Summer has barrelled into Saskatchewan, rudely sweeping a tentative Spring out of the way, and suddenly we’re living in a world of sun-block, shorts, t-shirts, barbecues and lots and lots of sunshine. Everywhere is green again, and the parks are heaving every evening with people playing football, soccer, baseball and basketball. The kids are going to school on their skates, bikes, skateboards and scooters, and we’re awaiting the arrival of the dreaded mosquitoes. I discovered yesterday that ticks are also endemic here, but I’ve decided not to think about that.
We have new neighbours from Ireland; Gerry and Connie moved over from Cork and are living a few doors down from us with their dog Rocky. Gerry is from Tipperary and Connie is from Cork, so poor Jo Ann had to deal with yet another set of Irish accents. Janet, who lives next door to us, cornered me the other day to say that Connie had stopped for a quick chat the other evening; Janet was flapping because she couldn’t understand a single word Connie said. “It’s ok”, I reassured her, “she’s from Cork. You’ll get used to it after a couple of years.” Connie and I sat chatting at the kitchen table the other night till midnight, and then I waved her off at the door. Off she went down the path towards her house, and when she got there, she realised that Gerry had locked the front door. “Blithering eejit”, she thought, and rang the bell. Nothing. She knocked at the door. Nothing. Rang the bell again. Silence. So she let out a roar up at the window – “GERRY!” – and waited. She noticed movement at the round window of the bathroom that’s at the front of the house. A head popped up, looking apprehensive, and after a moment of bemusement, she realised that it was Jim, her next-door neighbour. She clapped her over her mouth, horrified, and scarpered in next door to her own house. I met her the next day, and she was mortified. Jim had been slagging her about attempting to break and enter. You just don’t get the same class of neighbours these days. Connie is writing a blog about life so far in Saskatoon, and has some great photos on it; she’s a photographer by trade. This is the link:
We spent Saturday at the fishing lake beside the Zoo, where the Royal Canadian Mounted Police and Canadian Tire were hosting a free fishing day. The kids had a blast. They were given a fishing rod each, and shown how to fish by the policemen, who were patrolling the lake with tins of bait and de-tangling all the rods for the kids. They caught nothing, thank God, but learnt how to cast, reel in, and avoid taking the eyes out of everyone around them. Rebecca started out determinedly flinging the rod into the water, and then lost interest; it was much more exciting to wade into the lake in her wellies and throw sticks. A free barbecue and an hour in the playground finished off the afternoon, and now they want to go fishing “properly” – i.e. catch something – in the northern lakes.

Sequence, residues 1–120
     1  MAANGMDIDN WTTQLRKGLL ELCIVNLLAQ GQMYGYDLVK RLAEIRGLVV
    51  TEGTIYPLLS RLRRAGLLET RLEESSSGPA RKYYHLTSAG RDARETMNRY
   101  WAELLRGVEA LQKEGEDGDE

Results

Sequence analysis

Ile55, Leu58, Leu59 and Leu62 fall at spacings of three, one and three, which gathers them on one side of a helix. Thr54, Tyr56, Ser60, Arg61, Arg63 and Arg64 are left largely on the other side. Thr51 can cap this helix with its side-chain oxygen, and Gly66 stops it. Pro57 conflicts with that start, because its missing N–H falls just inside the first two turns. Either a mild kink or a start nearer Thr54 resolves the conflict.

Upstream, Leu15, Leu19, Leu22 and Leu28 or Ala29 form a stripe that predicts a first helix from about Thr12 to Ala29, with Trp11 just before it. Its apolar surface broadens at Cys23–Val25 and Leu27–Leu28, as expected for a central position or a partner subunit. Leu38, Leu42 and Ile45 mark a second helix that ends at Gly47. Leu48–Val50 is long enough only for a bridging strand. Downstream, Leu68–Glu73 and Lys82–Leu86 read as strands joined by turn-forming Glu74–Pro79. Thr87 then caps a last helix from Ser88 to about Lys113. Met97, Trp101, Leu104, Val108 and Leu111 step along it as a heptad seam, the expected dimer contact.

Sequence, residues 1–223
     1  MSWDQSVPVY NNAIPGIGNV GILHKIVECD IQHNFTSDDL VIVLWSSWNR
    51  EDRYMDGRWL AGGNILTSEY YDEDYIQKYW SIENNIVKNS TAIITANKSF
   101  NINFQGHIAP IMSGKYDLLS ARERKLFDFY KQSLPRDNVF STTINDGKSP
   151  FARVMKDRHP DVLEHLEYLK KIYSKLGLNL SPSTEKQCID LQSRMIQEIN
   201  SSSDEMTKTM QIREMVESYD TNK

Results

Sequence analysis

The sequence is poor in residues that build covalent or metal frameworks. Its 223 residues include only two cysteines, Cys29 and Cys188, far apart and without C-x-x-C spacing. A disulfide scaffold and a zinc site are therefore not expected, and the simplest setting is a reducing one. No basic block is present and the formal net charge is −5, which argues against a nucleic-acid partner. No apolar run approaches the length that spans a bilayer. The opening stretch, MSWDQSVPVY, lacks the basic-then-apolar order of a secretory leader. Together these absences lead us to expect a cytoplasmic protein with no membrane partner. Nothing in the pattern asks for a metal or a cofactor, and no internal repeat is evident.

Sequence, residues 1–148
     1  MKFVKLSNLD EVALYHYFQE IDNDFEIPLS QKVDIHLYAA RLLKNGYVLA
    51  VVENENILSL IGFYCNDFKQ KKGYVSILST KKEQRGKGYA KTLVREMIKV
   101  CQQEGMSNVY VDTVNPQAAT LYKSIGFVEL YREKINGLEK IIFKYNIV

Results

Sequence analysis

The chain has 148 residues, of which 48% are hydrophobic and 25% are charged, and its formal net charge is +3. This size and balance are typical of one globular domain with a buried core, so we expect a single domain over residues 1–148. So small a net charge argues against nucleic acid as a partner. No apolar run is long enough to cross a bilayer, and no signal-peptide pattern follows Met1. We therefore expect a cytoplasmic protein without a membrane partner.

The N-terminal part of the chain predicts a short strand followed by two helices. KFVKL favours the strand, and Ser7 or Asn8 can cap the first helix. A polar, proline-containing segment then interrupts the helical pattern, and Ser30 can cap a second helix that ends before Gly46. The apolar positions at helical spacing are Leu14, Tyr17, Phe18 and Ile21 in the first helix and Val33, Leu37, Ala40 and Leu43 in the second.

We rooted out the barbecue from the shed, bought propane gas, and fired it up last weekend. The highlight of the meal came at the end, when the kids stuck giant marshmallows onto their “marshmallow sticks” and roasted them. Apparently one of the local stores sells giant Neapolitan marshmallows – vanilla, strawberry and chocolate – so we’ll have to hunt for them soon. June and Eddie, and Kelly and James are barbecuing everything in sight, and some of the recipes suggested to me by Canadian neighbours sound gorgeous. I don’t think anyone in Saskatoon uses their kitchen once summer arrives. We took a trip to Dairy Queen on Sunday evening for Blizzard ice-creams – Rolo, Peanut Chocolate Brownie, Chocolate Extreme and Chocolate Pieces.
On a more scientific note, a certain member of the Irish community almost made an important discovery on arrival in Saskatoon. June brought a weighing scales with her, and when she finally pulled it out when unpacking, she discovered that the battery was gone. So off she went to buy a new one, installed it into the scales, switched it on, and discovered it wasn’t measuring in the same way at all any more. Instead of measuring in grams, it was now measuring in ounces. A conversation ensued at the kitchen table. “Well”, said June, “you’ll never believe this. I changed the battery in my weighing scales, and now it’s measuring in ounces instead of grams”. We looked at her. “So change it back to ounces?” I suggested. “I can’t! It just stays the same”. “But there must be a button”, said Kelly. “No button. Definitely not. I think it’s because of the battery”. “What do you mean, the battery?!” “Well, I put in a Canadian battery, and now it’s measuring in ounces, like they do in Canada”. “Sooooo”, I said slowly, “the battery changed the way the scales measures, and now it’s using imperial?” “Or,” said one of the lads, “the scales just knows it’s in Canada now?” “Well, there’s no other explanation”, said June firmly. “There’s definitely a button”, said Kelly. “No. No button”. She was adamant. Off they went home, and Eddie took it upon himself to examine the mysterious scales. “What’s this button for underneath?” he queried. It wasn’t even that small. A galloping horse might miss it, but not Eddie. Just the horse, and June. We still talk about the amazing intuition of Canadian batteries, and the way jet-lag knocked the scales out of sync.
Connie and I walked to a garage sale yesterday afternoon, and it started raining on the way. Rebecca was skipping along in front of us, in her shorts, t-shirts and baseball cap, when she realised that something wasn’t quite as it should be. “MOM! what is this WET stuff falling on me?!” she shrieked. Not something I thought I’d ever hear from her mouth, even though I think yesterday was only the second time she’s seen rain since we got here. It’s very strange to see and hear her becoming so Canadian.